Imagine the business value of having a global digital marketing presence that’s just as efficient and optimized as your manufacturing plants. By following a few best practices, you can.
Consulting firm McKinsey notes how digital transformation benefits the operations side of manufacturing. If your global sales and marketing channels can also keep pace with these digital innovations, you’ll deliver powerful, unified user experiences across all markets and channels.
As you know, B2B buyers are conducting their own research in earlier and earlier stages of the buying process. You need to optimize your digital sales and marketing touchpoints to help generate leads in existing and new markets. That means knowing your global buyers’ cultures—both their literal cultures, and how they prefer to be engaged—and being iterative and agile.
It also means speaking their languages.
Your website is the most important channel in this digitization strategy. It’s responsible for supporting the dynamic global growth of your brand, and converting inbound traffic into sales and qualified leads.
If those global websites feature untranslated content, limited search functionality, or a lack of locally preferred payment options, you’re already blowing it. Your digital channels — websites, mobile sites, social networks and apps — must continually serve fresh, multilingual content in markets around the world. Content should be globally consistent, yet locally relevant to provide a stellar user experience.
Your marketing team, like that of most B2B manufacturers’, is probably working with lean resources and is strapped for time as it is. If you’re having trouble getting started, here are some key areas to prioritize in 2018:
- Embrace 21st century search: B2B buyers don’t have the patience to wade through catalogs. They’ve been conditioned for an Amazon-like experience, quickly finding the product they need. Give them a helpful, in-language, onsite search.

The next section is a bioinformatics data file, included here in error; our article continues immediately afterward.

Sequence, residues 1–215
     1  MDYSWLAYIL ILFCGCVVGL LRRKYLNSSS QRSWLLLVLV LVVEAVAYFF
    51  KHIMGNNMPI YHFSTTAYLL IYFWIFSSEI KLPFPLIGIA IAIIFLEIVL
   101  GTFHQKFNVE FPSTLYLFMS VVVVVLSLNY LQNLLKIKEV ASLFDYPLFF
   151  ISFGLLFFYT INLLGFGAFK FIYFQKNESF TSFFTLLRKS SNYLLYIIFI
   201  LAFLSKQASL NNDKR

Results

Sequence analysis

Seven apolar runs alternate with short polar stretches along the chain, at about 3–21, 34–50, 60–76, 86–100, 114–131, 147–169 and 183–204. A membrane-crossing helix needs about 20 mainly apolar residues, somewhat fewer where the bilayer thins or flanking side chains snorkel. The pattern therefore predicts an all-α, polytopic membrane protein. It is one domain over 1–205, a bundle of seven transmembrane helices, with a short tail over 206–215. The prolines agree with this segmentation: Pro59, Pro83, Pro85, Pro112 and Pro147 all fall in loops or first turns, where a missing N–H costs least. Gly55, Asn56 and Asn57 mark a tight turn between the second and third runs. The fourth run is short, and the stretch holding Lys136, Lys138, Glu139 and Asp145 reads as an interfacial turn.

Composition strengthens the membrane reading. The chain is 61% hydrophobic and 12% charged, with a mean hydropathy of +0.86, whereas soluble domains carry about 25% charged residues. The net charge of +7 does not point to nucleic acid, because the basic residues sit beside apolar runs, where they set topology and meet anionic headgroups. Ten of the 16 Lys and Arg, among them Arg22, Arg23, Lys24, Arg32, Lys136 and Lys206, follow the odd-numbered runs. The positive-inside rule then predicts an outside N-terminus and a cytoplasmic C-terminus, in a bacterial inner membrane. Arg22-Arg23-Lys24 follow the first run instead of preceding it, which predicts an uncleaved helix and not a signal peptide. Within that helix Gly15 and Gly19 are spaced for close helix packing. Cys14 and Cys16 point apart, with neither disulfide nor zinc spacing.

- Go mobile-first: In many global markets, mobile device usage far surpasses desktop. Armed with the latest research on local behavior, offer mobile-first content to those markets on the devices and platforms buyers use.
- Understand cultural nuances: Simply duplicating all the content on your flagship site for your global sites is rarely successful. Roughly 80 percent of your English site can be translated verbatim for international markets. The other 20 percent should include localizations — locally relevant products, images, offers, contact information and payment platforms. This will help global buyers develop trust and want to do business with you.
- Keep your online channels fresh: If the content on your international sites is at odds with the latest offers and product inventory on your flagship site, you risk losing business. Text, video, images and offers should be refreshed often and translated appropriately for international sites.
- Help buyers find you: Get more inbound clicks simply by localizing other elements of a global site. This includes translating sitemaps, metadata and other “under the hood” content on your website. Doing so helps your global sites stand out in organic search, and drives more traffic and sales leads.
Here’s the bottom line: The effort you invest into adapting to digital and mobile trends impacts every part of your value chain.
Digital channels which are localized for global customers and flexible enough to be updated frequently allow you to reach more prospects, boost your sales organization’s effectiveness and build stronger, longer-lasting relationships with customers.
Craig Witt is an Executive Vice President at MotionPoint.